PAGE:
An almost two-year battle with the city and Springfield residents over a homeless-housing project in the historic neighborhood has Ability Housing of Northeast Florida turning to the courts.
The nonprofit, which creates permanent housing for homeless families and individuals, wanted to purchase and renovate a 12-unit apartment complex in Springfield. It would have been mainly for disabled veterans, the nonprofit said, because of its proximity to the Veterans Administration health clinic.
Ability Housing hasn’t been able to do that, though. It’s been rejected twice by the city, the last time in October.
The nonprofit filed suit in federal court Wednesday claiming violations of the Fair Housing Act and Americans with Disabilities Act.
“Unfortunately, it’s come to this point,” said Shannon Nazworth, the nonprofit’s executive director. “We really did hope we weren’t going to have to do this.”
Ability Housing secured almost $1.4 million in a forgivable loan through the Florida Housing Finance Corp. for the project. It just needed to show it had obtained approvals for the renovations and the building permit.
However, there was pushback from the Springfield community when residents caught wind of what was being planned.
At an April 2014 community meeting, close to 200 showed up to talk about the project. Many were angry. Some said they weren’t properly notified. Others didn’t want the project in the neighborhood at all.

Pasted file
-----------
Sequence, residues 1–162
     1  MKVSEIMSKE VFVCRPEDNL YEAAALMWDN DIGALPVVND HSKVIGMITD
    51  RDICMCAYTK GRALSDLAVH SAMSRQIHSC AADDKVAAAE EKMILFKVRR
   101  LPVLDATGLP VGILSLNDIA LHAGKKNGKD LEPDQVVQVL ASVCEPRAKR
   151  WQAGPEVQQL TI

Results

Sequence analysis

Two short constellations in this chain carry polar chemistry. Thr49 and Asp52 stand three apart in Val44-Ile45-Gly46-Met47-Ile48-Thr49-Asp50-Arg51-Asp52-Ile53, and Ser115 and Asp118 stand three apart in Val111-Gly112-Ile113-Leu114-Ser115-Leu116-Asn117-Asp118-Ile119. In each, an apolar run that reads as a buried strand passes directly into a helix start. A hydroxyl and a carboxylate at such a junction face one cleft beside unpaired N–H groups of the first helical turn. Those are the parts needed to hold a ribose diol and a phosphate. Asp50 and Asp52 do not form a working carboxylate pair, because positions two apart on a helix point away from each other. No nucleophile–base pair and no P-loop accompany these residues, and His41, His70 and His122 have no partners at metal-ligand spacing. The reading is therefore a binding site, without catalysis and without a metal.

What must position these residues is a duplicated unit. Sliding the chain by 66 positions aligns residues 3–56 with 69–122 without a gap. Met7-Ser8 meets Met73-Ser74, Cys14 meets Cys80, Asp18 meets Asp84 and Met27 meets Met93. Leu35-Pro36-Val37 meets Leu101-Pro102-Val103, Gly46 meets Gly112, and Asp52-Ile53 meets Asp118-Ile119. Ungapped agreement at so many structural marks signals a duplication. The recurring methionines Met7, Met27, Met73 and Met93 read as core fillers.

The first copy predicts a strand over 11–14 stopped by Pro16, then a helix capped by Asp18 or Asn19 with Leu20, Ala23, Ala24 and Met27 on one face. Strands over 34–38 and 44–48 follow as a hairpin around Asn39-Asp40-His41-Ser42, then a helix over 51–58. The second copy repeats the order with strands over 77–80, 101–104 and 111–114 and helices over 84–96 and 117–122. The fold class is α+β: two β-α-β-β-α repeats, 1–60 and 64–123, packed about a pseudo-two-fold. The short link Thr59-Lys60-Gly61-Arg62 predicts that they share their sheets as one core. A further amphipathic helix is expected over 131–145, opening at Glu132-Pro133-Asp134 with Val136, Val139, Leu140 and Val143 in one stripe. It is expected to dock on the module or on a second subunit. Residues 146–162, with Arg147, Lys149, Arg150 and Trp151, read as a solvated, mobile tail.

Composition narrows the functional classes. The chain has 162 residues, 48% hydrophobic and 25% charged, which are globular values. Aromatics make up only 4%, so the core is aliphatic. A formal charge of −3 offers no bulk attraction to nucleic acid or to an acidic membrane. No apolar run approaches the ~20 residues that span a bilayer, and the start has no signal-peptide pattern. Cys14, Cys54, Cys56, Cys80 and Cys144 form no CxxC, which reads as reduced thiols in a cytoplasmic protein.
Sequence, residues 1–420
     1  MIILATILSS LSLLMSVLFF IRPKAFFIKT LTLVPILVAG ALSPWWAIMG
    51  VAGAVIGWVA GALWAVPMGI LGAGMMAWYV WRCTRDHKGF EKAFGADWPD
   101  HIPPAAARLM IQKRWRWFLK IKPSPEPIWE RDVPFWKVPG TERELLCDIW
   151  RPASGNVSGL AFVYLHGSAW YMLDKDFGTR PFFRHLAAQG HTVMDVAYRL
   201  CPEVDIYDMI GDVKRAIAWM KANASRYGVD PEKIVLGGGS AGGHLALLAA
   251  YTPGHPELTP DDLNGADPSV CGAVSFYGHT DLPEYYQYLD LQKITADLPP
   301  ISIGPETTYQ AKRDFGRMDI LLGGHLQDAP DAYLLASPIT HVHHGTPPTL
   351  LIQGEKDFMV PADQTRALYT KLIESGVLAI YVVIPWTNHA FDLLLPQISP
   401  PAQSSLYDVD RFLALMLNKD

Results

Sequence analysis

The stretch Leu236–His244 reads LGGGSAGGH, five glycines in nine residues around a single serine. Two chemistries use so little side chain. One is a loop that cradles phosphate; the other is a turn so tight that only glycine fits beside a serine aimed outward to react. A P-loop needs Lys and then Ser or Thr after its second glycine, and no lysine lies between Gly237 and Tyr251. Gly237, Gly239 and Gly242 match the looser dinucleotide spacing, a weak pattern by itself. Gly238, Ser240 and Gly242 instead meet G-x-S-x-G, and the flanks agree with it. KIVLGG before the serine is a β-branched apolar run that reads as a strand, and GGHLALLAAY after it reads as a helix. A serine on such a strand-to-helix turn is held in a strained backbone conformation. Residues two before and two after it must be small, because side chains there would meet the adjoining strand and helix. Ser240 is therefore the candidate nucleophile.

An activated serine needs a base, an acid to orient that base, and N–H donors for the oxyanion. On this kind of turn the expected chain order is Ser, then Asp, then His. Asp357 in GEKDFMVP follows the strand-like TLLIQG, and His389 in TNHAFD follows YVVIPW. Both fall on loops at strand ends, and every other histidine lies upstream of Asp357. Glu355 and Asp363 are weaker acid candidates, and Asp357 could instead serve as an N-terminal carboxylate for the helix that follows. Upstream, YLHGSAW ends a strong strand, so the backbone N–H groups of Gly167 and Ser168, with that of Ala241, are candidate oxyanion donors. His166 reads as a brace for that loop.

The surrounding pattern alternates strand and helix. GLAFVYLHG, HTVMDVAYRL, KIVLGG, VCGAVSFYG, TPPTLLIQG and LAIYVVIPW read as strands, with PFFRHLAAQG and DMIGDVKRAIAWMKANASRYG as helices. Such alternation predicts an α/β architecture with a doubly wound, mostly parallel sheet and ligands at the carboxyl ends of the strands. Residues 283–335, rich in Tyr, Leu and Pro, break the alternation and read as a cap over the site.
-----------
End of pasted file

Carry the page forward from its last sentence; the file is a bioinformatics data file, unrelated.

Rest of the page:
Springfield’s zoning code was changed more than a decade ago to not allow group homes because there already was an influx of them from the rebuilding of the blighted neighborhood. The project, Ability Housing said, was not a group home — it was multifamily dwellings.
According to the suit filed Wednesday, that backlash influenced decision-making at City Hall. After initially being cleared by the city Planning Department, the process was “subverted” and changed, the lawsuit said.
The city “deliberately ignored and refused to consider” protections provided to disabled people when it caved to pressure from Springfield residents, according to the suit.
After a rejection last year, the nonprofit tried to receive the needed approvals again July 1. The city stuck to the changed interpretation last year, issuing a final denial last month.
Ability Housing eventually lost the state funding and had spent $124,000 of its own money planning the project.
The nonprofit wants the city to cover those costs and pay legal fees.
It also wants the city to be found to have illegally discriminated against disabled people and find that the Springfield overlay violates ADA regulations.
Nazworth said the state “bent over backward” with extensions on the funding, but it’s now gone.
She’s disappointed by that, she said, but more so that the 12 veterans and disabled won’t be able to be served for now.
“If we’re not going to fight for their rights, who will?” she asked.
Marsha Oliver, spokeswoman for Mayor Lenny Curry, said the city does not comment on pending litigation.